Give racing its dueThe article entitled "Horse Cents...


September 24, 1991

Give racing its due

The article entitled "Horse Cents?" which appeared recently in The Evening Sun fails to reflect how important the horse industry is to the Maryland economy. This industry, in addition to trainers, jockeys, drivers, grooms and hot walkers, also employs veterinarians, restaurant help, truck drivers, farm managers, blacksmiths, clerks, receptionists, printers, television technicians, bookkeepers and many more people.

The horse industry is the third largest industry within Maryland, and horse racing contributes greatly to the strength of our state. Study has shown that the racing and breeding industry in Maryland has more than a $1 billion impact on the state's economy. The sponsorship of the Maryland Million and the active promotion of the equine industry in general is money well invested.

Ross Peddicord conveys the misleading notion that the state's program consists of spending $50,000 to hold a party on the infield. In fact, the Department of Economic and Employment Development has formulated a program designed to protect an industry that includes hundreds of breeding farms, thousands of racetrack employees and countless horsemen. More importantly, the DEED efforts support the ancillary businesses that cross paths with the racing community. The entire economy stands to benefit from the continued health of the horse industry and its many facets.

One such facet that benefits directly from the Maryland Breeders programs, such as the Maryland Million and sire stakes programs, is the breeding business. Even though a Maryland-bred filly might be owned in another state, she is a walking commercial for promoting the Maryland product. Many hard-working men and women depend on the breeding industry to support their families. We commend Gov. Schaefer's administration for taking positive steps to support this major industry.

As for the comment that the state contributes $4.8 million to state-bred horses, it is true that the state authorized, through legislation, a state-bred program. However, the funding of this program is generated from the pari-mutuel handle, thus the contribution comes directly from the racing patron who wagers at the track, not from state funds.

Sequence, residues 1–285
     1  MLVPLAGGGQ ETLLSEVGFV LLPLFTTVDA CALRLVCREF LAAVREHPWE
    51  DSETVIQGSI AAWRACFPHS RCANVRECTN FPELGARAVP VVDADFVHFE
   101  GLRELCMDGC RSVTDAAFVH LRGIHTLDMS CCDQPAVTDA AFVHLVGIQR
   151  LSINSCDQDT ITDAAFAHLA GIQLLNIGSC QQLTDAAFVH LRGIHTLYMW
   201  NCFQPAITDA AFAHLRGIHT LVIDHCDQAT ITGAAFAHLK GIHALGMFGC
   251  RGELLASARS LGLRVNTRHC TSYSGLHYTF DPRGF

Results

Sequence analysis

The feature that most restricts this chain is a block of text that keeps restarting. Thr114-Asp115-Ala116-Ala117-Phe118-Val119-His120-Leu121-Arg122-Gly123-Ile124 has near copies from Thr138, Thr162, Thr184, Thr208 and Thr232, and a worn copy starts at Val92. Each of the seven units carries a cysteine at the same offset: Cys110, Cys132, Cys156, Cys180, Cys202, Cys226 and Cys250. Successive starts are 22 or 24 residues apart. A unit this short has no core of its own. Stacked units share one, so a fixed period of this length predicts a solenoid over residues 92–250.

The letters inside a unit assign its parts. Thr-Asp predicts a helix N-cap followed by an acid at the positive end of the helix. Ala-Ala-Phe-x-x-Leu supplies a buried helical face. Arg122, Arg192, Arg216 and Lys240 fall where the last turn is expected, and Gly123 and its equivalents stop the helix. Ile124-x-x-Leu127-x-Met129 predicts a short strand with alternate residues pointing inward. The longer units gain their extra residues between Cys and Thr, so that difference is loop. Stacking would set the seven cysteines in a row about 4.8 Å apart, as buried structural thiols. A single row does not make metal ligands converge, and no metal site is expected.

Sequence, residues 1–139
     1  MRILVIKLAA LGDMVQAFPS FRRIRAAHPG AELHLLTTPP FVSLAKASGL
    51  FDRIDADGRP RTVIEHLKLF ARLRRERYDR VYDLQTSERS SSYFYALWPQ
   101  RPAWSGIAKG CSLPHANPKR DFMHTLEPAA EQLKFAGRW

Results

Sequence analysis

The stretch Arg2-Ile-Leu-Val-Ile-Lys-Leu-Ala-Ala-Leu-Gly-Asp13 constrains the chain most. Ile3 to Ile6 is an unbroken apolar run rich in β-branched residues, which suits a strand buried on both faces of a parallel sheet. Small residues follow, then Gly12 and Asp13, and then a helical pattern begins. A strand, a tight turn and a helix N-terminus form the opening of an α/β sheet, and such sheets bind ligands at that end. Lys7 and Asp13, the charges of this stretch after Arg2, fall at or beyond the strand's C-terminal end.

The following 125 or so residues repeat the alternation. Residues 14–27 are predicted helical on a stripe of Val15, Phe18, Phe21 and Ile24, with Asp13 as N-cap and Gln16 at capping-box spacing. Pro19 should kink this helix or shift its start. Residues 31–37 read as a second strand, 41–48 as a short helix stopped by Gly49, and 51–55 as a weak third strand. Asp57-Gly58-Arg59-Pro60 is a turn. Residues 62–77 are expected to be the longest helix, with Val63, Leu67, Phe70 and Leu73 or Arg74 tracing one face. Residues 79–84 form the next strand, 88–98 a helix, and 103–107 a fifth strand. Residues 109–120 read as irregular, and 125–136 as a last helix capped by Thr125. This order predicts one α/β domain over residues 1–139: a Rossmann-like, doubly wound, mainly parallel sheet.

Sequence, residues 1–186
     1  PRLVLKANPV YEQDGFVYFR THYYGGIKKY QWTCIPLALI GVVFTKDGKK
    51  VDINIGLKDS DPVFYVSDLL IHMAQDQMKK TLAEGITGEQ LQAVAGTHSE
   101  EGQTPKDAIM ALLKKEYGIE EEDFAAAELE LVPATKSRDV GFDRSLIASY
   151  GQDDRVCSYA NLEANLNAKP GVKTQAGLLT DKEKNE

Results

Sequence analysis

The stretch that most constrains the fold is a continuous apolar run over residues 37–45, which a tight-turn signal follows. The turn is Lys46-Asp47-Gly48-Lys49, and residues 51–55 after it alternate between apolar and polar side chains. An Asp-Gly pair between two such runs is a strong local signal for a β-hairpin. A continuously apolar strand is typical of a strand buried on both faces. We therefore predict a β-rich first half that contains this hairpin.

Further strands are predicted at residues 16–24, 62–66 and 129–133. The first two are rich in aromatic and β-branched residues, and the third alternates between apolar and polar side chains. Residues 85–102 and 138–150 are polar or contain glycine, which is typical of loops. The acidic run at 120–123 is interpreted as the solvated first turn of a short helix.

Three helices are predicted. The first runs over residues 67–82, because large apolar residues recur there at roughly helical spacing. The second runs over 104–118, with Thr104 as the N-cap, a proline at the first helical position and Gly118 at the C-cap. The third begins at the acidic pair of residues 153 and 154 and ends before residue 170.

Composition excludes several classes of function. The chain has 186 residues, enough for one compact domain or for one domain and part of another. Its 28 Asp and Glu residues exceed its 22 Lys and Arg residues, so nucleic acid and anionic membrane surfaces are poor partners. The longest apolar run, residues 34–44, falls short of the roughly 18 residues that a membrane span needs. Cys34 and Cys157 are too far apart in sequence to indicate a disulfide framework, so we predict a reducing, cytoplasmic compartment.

Times have been tough for everyone. You need look no further than the backstretch at Pimlico or Rosecroft to see the effects of recession. Maryland is making an active attempt to invest in the future. DEED is working to keep this most important industry healthy.

Gerald Brittingham,

President Cloverleaf Standardbred Owners Association Dover, Del.

Defending Terps' slate

I'm writing in response to Ken Rosenthal's article on Sept. 6, "With FSU, ACC in for big change."

I can't believe Mr Rosenthal calls himself a sportswriter. Maryland football, for the past five years, has played one of the 10 toughest schedules in the country. But Mr. Rosenthal comments that Maryland will no longer get away with playing Western Michigan, much less a Division I-AA school. How can someone who supposedly calls himself a sportswriter make this kind of a mistake? All you have to do is look at this year's schedule and you realize that he doesn't know what he's talking about. I think he might be talking about Clemson, who always has two or three easy games on its schedule (Appalachian State and Temple are this year's).

I think Mr. Rosenthal should do everyone in Baltimore a favor and quit. He's not a sportswriter, and will never be one.

Rick McDonald


Stadium with no name

Perhaps the new stadium should not be given a name. After all, most people say they are going to the ballgame, or to the stadium. And the news media reports on the games by team name and city, much more than they mention the stadium name.

Harry E. Bennett

Jr. Baltimore

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